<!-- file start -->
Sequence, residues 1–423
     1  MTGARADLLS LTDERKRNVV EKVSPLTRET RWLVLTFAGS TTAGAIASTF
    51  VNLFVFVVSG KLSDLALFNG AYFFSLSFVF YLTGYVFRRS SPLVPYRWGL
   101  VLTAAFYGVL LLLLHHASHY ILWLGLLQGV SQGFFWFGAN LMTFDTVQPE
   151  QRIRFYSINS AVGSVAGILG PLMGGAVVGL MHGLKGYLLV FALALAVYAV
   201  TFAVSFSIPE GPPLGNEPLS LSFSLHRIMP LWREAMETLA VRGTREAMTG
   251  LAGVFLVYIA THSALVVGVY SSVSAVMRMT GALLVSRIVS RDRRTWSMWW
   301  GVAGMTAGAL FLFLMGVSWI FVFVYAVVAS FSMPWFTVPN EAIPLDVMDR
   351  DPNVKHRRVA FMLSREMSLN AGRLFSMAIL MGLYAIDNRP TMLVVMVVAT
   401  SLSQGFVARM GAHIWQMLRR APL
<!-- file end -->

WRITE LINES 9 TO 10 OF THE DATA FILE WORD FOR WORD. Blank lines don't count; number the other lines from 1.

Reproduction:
   351  DPNVKHRRVA FMLSREMSLN AGRLFSMAIL MGLYAIDNRP TMLVVMVVAT
   401  SLSQGFVARM GAHIWQMLRR APL